There you go. It’s just not always possible to celebrate moral diversity and endorse universalism. Sometimes it has to be one or the other but not both.

*Update. Harry points out in comments that I misread that sentence. He reads ‘There are human universals that make species-wide communication possible’ to mean ‘that human beings are alike in fundamental (genetic etc.) ways, and that this universal human nature is what makes species-wide communication possible’ and adds that this is a central pillar in our belief in human rights, and a corrective to postmodern denial of universals. I think his reading is the right one, which means I think mine is the wrong one. Never mind.

Lucretius Knew

Jan 14th, 2006 4:15 am | By

‘Tantum religio potuit suadere malorum,’ Lucretius remarked* (that’s one of my few Latin tags. I failed Latin one year. You didn’t fail things in my school, it wasn’t done, but I managed it. I was quite good at failing things when I was fifteen) about what Agamemnon did to his daughter at the behest of a god (he killed her, that’s what, just to get a wind for sailing to Troy). What evil religion can persuade us to. He was right, old Lukers.

There’s this hajj business for instance. Brilliant. Make it a pillar of your religion that if you can make the trip to Mecca, you have to, once in your life. Keep that rule in place when the relgion it’s a pillar of goes from being that of some people in Arabia to being that of many people all over the damn planet, and when the population at issue goes from being – what? a few thousand? – to a billion or two. Then watch the fun. To make sure, arrange some bottlenecks along the way. Millions of people heading for a smallish place, all of them in a hurry – oh, oops, somebody tripped, oops, this fool behind me is pushing, oh shit I’m stepping on someone’s chest, oh hell oh hell oh hell I’m standing on someone’s face, I’m not having an easy time breathing myself –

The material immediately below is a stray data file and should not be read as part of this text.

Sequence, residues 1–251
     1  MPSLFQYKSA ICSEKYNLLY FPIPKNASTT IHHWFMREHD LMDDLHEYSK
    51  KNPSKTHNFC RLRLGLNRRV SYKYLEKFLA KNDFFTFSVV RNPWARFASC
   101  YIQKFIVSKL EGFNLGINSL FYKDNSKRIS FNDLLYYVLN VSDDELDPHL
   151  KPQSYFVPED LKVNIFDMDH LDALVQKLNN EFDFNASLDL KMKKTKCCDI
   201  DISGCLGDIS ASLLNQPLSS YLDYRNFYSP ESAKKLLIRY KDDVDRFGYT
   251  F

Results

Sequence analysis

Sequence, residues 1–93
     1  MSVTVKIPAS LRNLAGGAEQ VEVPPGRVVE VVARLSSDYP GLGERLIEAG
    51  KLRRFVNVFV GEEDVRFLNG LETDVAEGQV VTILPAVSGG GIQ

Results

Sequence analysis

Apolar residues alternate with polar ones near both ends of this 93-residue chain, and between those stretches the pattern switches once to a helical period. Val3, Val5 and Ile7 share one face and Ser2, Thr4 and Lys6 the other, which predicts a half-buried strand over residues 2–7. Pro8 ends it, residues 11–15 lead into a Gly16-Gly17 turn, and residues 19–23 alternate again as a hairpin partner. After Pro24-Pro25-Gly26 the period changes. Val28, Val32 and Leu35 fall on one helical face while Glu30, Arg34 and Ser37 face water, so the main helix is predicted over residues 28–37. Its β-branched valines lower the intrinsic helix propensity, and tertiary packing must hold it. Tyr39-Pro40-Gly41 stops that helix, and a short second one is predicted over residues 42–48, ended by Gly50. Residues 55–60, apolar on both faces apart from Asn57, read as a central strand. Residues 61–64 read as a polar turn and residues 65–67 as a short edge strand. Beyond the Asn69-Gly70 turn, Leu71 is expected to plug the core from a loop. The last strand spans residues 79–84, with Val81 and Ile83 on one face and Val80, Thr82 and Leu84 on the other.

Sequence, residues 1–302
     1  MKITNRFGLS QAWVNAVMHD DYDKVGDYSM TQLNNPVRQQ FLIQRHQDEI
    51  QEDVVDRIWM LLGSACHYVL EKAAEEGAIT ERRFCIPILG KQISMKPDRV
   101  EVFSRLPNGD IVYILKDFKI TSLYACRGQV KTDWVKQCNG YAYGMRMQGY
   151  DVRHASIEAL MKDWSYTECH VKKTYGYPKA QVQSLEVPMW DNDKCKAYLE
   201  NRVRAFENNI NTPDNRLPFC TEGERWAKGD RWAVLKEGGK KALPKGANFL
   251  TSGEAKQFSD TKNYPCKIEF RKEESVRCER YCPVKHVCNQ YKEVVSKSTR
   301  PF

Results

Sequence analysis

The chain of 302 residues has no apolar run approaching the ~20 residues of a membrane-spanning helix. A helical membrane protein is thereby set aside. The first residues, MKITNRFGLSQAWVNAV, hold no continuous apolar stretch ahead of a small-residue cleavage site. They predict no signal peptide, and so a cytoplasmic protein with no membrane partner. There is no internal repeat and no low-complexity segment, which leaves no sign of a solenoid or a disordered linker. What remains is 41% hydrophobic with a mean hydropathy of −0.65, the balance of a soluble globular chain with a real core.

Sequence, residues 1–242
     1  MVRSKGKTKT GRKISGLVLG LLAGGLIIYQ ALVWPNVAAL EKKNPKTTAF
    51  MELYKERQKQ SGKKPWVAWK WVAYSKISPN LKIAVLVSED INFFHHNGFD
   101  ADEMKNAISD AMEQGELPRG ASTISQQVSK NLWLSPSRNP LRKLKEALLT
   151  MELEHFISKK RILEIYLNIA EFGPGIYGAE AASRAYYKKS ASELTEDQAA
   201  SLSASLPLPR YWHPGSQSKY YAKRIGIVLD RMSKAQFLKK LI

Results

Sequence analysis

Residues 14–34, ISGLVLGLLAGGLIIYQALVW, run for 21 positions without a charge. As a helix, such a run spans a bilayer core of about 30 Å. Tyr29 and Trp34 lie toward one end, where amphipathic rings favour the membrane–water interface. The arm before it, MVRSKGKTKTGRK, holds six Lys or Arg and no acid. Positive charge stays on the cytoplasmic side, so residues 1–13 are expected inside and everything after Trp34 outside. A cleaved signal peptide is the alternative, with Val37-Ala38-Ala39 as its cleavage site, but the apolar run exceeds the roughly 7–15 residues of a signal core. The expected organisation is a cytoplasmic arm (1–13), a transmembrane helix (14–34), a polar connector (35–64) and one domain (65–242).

Very spiritual, isn’t it. Uplifting. Meaningful. Millions of people throw stones at a pillar because ‘the devil’ once appeared there to Abraham – the story goes. Well that’s a good reason for everyone else to go there and throw a stone, and for them to do it on the same day. Yes, very good. Good thinking. And the police can’t do anything about it, because if they tried, there would be an even worse stampede. Well, god forbid anyone should just decide that the hajj is not an obligation after all and end the whole mess. I heard someone gently suggest something similar on the World Service – not even end it, but just maybe spread it out over the year perhaps? No, no, couldn’t do that. But it’s not an actual obligation is it? Yes, it’s an obligation, if you have the capacity, if you have the money and health, it’s an obligation. Oh.

And then there’s this pastor in Tottenahm. He’s very spiritual too.

A London-based pastor has been arrested on suspicion of inciting child cruelty following an investigation into allegations of witchcraft at an evangelical Congolese church in Tottenham. Dr Dieudonne Tukala, 46, from the Church of Christ Mission, is being questioned over claims that he diagnosed several children as “witches”, advising their parents to beat the devil out of them or send them back to the Democratic Republic of Congo so that he could pray for them to be killed…Dr Tukala was accused of telling one couple that their nine-year-old son was possessed. The boy’s father was jailed for five years at Snaresbrook Crown Court in November 2003 after branding his son with a steam iron and forcing chilli powder into his mouth “to drive the devil out”.